May 22, 2006 5:04 PM  
Anonymous Anonymous said...

I'd also like to point out that the D70 and D50 have a 1/500 sec flash sync speed (as does the Canon 1D) which is a real bonus that I could've used several times with my 10D instead of using a more powerful strobe. The CCD sensor used in these cameras allows the use of a hyrid mechanical/electronic shutter. The D100 has a max sync speed of 1/180 sec. Canon's CMOS cameras have 1/250 or 1/200 sec sync speeds.

May 22, 2006 6:21 PM  
Anonymous James Erickson said...

I'd also like to point out that the D70 and D50 have a 1/500 sec flash sync speed (as does the Canon 1D) which is a real bonus that I could've used several times with my 10D instead of using a more powerful strobe. The CCD sensor used in these cameras allows the use of a hyrid mechanical/electronic shutter. The D100 has a max sync speed of 1/180 sec. Canon's CMOS cameras have 1/250 or 1/200 sec sync speeds.

May 22, 2006 6:21 PM  
Anonymous Douglas Urner said...

If you're looking to get decent glass at a decent price seriously consider a kit lens in the 18-70 mm range. The build quality will be so-so but the Nikon 18-70 is a very nice lens for the money. Also seriously consider manual focus lenses. Maybe start with a 50 or a 35 f/2.0 or f/1.4 which you can find without too much trouble for under $100 (if you're using Nikons you'll need to think about the meter interface, support for the AI lenses is spotty -- though they got it pretty much right with the D2 series and the D200 -- but if you're using strobes and the LCD you've pretty much booted the meter anyway).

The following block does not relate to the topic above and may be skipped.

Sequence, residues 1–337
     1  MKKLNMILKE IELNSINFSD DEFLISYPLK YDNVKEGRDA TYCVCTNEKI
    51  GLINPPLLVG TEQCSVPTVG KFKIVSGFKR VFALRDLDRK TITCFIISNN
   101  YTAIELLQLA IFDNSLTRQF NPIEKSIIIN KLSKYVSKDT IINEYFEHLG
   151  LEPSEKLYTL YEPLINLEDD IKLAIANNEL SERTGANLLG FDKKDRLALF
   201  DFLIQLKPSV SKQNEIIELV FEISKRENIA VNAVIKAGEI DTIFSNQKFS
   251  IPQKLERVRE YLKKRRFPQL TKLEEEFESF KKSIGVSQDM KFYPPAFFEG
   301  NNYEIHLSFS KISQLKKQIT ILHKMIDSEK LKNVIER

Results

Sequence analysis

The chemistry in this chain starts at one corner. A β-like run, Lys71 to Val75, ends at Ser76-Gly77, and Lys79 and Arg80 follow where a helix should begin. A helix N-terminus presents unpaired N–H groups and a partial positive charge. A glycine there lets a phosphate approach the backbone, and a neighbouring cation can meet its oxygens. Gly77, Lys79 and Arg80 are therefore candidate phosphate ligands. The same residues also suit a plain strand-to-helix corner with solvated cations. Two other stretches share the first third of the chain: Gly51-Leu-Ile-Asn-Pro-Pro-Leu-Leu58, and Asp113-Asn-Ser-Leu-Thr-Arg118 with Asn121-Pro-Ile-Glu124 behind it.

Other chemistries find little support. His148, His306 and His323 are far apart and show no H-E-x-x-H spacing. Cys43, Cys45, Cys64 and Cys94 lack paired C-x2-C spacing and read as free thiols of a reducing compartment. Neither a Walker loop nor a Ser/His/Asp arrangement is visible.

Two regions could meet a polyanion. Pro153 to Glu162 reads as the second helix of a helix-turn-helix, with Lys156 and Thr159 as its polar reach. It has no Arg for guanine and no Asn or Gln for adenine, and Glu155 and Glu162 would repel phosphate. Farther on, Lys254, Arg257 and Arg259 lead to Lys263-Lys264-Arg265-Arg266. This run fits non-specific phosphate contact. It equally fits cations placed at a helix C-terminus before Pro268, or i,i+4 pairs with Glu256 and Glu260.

The old MF lenses are great values and they are much smaller and lighter than going with zooms. They change how you interact with your subject -- the camera is less of a huge box between you and the person you're photographing.

As far as Nikon bodies go, seriously consider the D70. By most accounts it is a better camera than the D100 by most measures. In general the newer cameras seem to produce better files, pretty much without exception.

My personal view these days is that bodies are consumable items. Within a couple of years even a D2X will drop in price (used) to a few hundred dollars and there will be a prosumer model that produces cleaner files. If you're considering a new body (the D200 is awesome, BTW) watch the market closely and sell it when before the price drops out of used ones. I think the only long term purchases are old flashes and good glass :)

May 22, 2006 7:01 PM  
Anonymous Matt Bostock said...

Having just had my 2 month-old Nikon D40 stolen, I'm in the market for a new camera. I'm an amateur trying to go pro, and quickly realised with the D40 how important lenses are.

So, this time round, I figured why not a D1X? Granted, it's older technology, but the image quality is still very good, and *pros* relied on this equipment just a few years ago. So why can't I?

Add to that the limitations of a D40 consumer body, the DX format lenses, the lack of autofocus in older lenses, it seems obvious now that an old pro body will be a must better investment:

- When I do turn pro, and can update the body to a D2/D3, all my lenses will be perfectly compatible.
- Since the lenses are easily compatible, I can use the old D1X as a backup body.

Just my tuppence for what it's worth :-)

April 21, 2009 11:03 AM